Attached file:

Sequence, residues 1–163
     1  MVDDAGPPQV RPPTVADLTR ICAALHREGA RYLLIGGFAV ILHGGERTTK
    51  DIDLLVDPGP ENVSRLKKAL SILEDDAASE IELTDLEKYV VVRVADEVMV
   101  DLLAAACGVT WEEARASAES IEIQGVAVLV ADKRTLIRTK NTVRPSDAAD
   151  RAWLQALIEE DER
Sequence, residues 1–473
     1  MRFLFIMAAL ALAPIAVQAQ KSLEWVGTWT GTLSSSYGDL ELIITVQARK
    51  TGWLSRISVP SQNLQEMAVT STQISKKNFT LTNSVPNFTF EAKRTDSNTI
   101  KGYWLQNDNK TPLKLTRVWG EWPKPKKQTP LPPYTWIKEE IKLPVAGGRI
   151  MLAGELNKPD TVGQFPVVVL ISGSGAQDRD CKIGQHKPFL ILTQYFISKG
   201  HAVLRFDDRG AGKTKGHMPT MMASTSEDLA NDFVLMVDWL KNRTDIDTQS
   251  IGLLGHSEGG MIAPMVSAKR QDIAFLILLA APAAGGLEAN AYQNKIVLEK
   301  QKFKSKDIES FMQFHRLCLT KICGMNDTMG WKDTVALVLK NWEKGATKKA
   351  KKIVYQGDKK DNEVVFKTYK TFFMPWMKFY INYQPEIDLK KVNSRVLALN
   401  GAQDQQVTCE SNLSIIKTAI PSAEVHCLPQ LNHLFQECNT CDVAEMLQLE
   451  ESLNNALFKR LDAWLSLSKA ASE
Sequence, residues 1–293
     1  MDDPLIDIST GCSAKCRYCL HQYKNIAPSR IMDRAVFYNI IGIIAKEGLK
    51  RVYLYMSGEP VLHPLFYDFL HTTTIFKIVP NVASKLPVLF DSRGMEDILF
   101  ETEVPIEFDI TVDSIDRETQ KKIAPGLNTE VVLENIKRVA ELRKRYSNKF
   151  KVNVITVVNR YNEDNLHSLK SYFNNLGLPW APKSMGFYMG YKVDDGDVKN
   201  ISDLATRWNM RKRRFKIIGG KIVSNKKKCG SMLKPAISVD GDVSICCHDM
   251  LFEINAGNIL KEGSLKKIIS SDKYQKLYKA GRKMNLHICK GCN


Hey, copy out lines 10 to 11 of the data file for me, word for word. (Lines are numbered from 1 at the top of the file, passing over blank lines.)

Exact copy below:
   151  MLAGELNKPD TVGQFPVVVL ISGSGAQDRD CKIGQHKPFL ILTQYFISKG
   201  HAVLRFDDRG AGKTKGHMPT MMASTSEDLA NDFVLMVDWL KNRTDIDTQS